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COVID-19 has ripped through nursing homes and long-term care facilities in the US. At its height, in North Carolina alone, four in 10 COVID-19 cases and deaths occurred in these kind of care facilities which are filled with the most vulnerable people in our society.

Our guest today says COVID-19 has painfully unveiled and amplified the problems that have been inherent in long-term care delivery for decades. The disease, he says, has both heightened the risk for staff while magnifying the patients’ vulnerabilities.

Nathan Boucher is an assistant research professor at the Sanford School of Public Policy at Duke University, and he says the time has come to address these systemic problems when it comes to delivering long-term care.

Featured Audio

Considering COVID-19 and Long-Term Care

Conversation Highlights

Headshot of Nathan A. Boucher
Nathan Boucher 

On Americans and the elderly

In the United States, when you’ve stopped working, when you can no longer do a number of things for yourself, or maybe you need an awful lot of help, our society tends to value you less. This is a mirror back to our own mortality and it makes us feel very uncomfortable when people who are close to us are starting to get a bit more fragile, starting to need more help, aren’t as productive or as independent as they once were.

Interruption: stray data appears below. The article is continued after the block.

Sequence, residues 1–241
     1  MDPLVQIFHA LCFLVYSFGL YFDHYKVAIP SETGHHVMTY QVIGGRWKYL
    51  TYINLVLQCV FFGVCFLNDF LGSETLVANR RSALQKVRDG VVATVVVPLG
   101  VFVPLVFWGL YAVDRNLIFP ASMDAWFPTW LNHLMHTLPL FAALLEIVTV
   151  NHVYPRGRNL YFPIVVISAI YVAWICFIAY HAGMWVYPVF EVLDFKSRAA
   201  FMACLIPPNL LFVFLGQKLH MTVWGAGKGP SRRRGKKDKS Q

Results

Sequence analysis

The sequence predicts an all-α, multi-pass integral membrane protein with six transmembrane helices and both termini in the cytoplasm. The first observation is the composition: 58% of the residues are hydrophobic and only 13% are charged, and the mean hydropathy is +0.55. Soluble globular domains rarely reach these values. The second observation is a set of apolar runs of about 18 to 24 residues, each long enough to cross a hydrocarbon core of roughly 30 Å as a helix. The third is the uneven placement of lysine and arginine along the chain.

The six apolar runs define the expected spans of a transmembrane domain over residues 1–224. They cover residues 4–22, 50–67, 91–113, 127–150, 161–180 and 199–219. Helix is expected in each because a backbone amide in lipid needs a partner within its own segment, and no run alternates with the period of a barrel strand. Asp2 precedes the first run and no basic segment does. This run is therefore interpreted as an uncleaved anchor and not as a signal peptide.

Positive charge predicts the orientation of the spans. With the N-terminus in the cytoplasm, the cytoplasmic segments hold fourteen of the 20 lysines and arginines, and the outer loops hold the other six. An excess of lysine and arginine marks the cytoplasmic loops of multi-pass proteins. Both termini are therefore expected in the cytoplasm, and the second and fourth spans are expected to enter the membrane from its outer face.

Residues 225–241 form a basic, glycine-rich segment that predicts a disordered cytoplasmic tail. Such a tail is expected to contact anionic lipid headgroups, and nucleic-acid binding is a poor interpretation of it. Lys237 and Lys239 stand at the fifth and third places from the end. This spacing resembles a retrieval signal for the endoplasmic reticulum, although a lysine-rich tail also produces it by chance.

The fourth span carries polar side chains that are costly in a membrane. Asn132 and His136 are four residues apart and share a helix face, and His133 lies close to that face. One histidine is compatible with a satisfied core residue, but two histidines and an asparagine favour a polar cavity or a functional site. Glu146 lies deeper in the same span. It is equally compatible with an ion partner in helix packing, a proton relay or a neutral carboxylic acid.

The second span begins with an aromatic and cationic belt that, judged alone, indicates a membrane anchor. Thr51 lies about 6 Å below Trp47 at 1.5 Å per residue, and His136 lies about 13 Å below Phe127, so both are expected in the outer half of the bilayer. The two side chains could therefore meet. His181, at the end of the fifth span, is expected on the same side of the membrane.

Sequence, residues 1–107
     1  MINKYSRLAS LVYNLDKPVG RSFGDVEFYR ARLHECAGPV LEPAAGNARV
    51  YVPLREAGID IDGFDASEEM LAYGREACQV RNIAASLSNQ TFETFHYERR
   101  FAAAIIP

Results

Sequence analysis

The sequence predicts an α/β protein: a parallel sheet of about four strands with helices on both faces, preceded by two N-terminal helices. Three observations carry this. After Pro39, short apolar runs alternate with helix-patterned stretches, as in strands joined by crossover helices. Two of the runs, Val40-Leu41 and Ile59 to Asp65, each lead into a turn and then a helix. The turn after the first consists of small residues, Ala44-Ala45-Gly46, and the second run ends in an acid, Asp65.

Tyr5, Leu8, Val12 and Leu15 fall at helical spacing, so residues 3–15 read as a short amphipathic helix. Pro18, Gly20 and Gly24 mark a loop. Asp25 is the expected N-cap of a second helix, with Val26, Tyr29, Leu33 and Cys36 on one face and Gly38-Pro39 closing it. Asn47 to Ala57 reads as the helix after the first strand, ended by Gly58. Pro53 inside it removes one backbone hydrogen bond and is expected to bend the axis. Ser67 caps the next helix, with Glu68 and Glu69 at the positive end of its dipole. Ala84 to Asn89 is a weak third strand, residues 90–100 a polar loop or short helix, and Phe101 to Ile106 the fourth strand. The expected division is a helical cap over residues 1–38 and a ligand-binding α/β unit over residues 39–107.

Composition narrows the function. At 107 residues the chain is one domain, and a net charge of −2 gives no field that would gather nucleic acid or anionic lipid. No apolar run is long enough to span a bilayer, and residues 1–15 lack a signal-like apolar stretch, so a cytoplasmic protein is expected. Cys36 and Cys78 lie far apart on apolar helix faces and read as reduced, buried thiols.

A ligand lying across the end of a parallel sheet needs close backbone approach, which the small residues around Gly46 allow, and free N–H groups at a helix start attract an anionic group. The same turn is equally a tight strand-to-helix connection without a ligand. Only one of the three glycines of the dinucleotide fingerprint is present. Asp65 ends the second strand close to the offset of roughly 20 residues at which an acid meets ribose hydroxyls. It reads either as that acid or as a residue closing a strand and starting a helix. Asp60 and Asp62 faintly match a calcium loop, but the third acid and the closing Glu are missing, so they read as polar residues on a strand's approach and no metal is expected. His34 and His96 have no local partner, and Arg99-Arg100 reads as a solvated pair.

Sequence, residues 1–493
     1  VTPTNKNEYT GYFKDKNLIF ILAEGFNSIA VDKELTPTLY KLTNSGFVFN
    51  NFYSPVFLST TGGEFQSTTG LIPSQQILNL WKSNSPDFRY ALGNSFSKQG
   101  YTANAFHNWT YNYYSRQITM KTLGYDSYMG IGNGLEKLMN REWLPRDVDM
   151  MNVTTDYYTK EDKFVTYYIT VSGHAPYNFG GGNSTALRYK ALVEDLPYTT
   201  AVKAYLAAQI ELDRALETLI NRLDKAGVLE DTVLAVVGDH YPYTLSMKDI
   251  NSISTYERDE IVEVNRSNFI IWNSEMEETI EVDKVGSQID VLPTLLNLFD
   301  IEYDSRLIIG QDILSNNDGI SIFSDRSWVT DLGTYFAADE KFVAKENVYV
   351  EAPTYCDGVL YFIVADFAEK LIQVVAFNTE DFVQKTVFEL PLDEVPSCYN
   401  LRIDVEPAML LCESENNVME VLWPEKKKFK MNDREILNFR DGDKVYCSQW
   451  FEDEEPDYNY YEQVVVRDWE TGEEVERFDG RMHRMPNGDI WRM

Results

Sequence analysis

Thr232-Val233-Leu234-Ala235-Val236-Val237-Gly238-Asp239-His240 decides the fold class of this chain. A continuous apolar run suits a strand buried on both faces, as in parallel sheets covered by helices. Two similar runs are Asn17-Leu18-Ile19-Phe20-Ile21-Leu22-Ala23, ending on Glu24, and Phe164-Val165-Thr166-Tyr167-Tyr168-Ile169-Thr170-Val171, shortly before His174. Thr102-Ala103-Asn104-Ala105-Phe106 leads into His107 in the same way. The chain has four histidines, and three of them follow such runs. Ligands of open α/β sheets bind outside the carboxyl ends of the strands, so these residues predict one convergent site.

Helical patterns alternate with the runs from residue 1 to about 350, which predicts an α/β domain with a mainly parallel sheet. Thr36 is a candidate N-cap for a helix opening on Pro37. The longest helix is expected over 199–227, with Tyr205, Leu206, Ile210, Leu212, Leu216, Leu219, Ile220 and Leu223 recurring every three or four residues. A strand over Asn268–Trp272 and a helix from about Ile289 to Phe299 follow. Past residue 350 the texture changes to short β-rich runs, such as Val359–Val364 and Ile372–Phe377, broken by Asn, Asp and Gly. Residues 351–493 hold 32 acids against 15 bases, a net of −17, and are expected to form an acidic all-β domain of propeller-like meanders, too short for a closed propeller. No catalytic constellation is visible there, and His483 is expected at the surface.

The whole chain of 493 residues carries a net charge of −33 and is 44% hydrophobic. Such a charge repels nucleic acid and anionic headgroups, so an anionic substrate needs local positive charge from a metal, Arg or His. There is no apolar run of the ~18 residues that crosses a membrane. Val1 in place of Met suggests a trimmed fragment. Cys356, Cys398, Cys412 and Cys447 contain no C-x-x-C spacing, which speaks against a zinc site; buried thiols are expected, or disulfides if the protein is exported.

People who we saw as giants in our life are now a little more meek. And I think that scares people an awful lot. And individually, and as a society, we are scared of that. We want somebody else to deal with the problem.

On what COVID has revealed in our society

I think that COVID itself highlighted how self-serving and short-sighted some Americans can actually be. Looking out for the flock, looking out for our neighbors, looking out for strangers, that is something that we don’t do easily.

Why we should invest in long-term care

I would think that we would want to invest in the system, if not for the now (for our own older folks in our families), for ourselves — even in a selfish way for the future, that we’d want a better system to be standing there ready to take us on when we needed it.

But I will say that that is a uniquely American thing is to not plan ahead very well for that type of thing. We need a different ethos, a different philosophy.